I want to learn or feel something when I look at an image – so I try to create the same experience with my my art and my life’. (Uldus Bakhtiozina, from the interview with Aesthetica Magazine, 2014) 

In her works Uldus Bakhtiozina focuses on the representation of Russian culture, drawing inspiration from folklore — legends, myths, and fairytales. Photographs by Uldus are soaked with fantasy and dream, however, it’s the detached ironic approach that makes her works intense and distinguishes the artist’s manner. For instance, in her Conjured Life series (2016) Uldus Bakhtiozina refers to escapism as a power that, though being highly addictive, helps us to live our lives and empowers us to create. 

In another collection called Desperate Romantics the artist discusses some contemporary issues of Russian society, such as gender stereotypes, problem of following one’s aspirations (often against public expectations), through the lens of Pre-Raphaelite aesthetics. Uldus Bakhtiozina admits, she is deeply impacted by the English painting and poetry of the 19th century, along with Iron Man, German language, and pops of color. The artist bravely confronts narrow-minded perceptions with her great sense of humor and advocates for freedom of expression. 

My life in general can be described in one phrase, ‘analytical spontaneity’, I analyze my surroundings and take spontaneous action’. (Uldus Bakhtiozina, from the interview with Vogue Italy, 2015)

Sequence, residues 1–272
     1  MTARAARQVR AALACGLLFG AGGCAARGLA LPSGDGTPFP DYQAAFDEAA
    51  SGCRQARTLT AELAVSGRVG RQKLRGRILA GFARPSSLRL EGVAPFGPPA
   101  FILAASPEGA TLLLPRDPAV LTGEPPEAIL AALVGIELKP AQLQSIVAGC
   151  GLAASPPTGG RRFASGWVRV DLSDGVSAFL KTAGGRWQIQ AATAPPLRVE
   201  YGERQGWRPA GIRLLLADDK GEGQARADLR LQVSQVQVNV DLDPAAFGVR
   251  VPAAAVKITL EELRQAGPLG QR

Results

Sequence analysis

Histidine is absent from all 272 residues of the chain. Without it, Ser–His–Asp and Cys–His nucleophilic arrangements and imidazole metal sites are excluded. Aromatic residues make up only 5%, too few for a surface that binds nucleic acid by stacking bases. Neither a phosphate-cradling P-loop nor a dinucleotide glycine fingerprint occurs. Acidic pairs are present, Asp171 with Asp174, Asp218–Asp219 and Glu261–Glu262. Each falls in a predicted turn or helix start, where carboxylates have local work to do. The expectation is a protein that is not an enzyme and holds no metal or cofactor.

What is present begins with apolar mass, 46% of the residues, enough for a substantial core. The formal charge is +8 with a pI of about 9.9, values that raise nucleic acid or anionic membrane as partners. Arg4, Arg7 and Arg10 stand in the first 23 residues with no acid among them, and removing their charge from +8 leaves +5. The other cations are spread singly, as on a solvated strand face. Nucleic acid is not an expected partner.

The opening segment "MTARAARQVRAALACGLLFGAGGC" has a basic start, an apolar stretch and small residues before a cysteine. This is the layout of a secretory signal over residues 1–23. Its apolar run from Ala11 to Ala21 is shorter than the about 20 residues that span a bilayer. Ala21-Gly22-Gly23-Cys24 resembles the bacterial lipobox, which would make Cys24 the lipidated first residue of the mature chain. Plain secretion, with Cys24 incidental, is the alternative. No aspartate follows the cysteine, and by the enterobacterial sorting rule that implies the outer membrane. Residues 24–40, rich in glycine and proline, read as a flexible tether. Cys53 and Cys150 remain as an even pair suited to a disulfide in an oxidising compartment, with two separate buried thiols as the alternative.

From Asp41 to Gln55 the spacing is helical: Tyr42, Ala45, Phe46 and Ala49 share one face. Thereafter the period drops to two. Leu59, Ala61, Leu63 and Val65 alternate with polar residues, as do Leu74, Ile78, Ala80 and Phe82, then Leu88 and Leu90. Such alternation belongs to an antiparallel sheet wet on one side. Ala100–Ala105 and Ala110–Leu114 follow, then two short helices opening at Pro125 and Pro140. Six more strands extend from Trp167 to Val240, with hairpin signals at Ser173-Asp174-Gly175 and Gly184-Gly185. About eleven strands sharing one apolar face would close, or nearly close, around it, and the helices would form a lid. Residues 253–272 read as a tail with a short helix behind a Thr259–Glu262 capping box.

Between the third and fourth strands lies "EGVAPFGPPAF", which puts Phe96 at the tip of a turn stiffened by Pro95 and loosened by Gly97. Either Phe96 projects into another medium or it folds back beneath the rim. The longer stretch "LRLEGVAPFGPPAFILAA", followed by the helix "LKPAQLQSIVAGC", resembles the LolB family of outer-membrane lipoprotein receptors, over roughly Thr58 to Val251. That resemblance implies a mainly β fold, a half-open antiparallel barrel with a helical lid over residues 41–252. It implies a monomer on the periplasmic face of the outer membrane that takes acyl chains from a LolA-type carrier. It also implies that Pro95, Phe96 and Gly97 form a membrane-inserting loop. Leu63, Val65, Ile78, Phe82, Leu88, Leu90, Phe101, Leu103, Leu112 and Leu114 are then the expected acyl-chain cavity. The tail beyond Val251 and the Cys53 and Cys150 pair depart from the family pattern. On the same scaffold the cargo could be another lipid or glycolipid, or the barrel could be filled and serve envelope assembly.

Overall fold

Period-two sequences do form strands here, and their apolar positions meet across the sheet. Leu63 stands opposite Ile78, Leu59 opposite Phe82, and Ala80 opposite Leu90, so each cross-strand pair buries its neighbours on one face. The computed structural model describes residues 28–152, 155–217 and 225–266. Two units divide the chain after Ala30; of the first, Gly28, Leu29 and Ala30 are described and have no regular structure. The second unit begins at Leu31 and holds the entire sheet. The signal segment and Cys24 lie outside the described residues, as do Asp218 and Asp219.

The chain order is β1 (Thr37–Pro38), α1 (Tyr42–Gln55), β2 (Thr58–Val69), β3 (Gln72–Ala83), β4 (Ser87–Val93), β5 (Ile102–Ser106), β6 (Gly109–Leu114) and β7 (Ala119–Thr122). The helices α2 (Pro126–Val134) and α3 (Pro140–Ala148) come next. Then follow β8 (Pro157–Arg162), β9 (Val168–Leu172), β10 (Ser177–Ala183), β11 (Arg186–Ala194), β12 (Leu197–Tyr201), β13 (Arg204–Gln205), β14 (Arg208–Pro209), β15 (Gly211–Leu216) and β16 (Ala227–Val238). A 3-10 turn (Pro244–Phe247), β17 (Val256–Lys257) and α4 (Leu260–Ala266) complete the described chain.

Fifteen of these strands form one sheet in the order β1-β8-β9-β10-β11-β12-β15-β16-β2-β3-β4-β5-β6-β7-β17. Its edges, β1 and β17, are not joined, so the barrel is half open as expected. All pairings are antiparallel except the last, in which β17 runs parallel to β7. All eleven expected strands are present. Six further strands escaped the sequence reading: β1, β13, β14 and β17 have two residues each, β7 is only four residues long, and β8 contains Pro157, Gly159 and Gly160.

Uldus never digitally manipulates her works — what for, since she is perfectly capable of doing magic herself, with the help of a small, but professional team during many hours of shooting. The artist enjoys acting as a model sometimes (and she’s really great in it), however, she isn’t fond of using instagram as a tool of promotion. According to her, an old school method of portfolio review might work the best for the aspiring photographers. 

In 2014 Uldus became the first Russian speaker in the history of TED and took part in the BBC 100 Women project. Two years later she was proclaimed a Senior TED fellow. The artist collaborates with such fashion editions, as Vogue Italy, Aesthetica Magazine, Worbz, Chaeg Magazine, C-41 Magazine. The Best Young Fashion Photographer according to Vogue Italy (Photo Vogue 2016) and the finalist of Laguna Art Prize (2017), Uldus Bakhtiozina currently lives and works in Saint-Petersburg. She is represented by Anna Nova Gallery

‘Be brave, be ironic — it helps. Be funny and create some magic’. (Uldus Bakhtiozina, from the TED Talk 2016)

Uldus Bakhtiozina’s website: uldus.com
Her instagram @uldusss

Art Digest: July 13—19

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Julia Kryshevich

Art Digest: July 13—19

While some try to save the world with art, others give away art to save themselves. Sometimes it’s useful to think of the needs of near yours (fellow sufferers do count) as did White Cube recently. Sports Illustrated (SI) has surprised its readers with a cover of the new Swimsuit Issue. It’s definitely a precedent in the 56-year history of the magazine. And that’s aside from the new performance piece by Marina Abramović Institute, which is also a sensation. Let’s start off with Art Digest for this week!

Trans model Valentina Sampaio to appear on the cover of Swimsuit Issue (SI) 

The Brazilian-born model Valentina Sampaio is trans, and she will grace the pages of the special edition of Sports Illustrated (SI) called Swimsuit issue. The new print issue comes out on July 21 with gorgeous Sampaio on cover. Swimsuit issue exists for 56 years, never before has the magazine featured transgender people.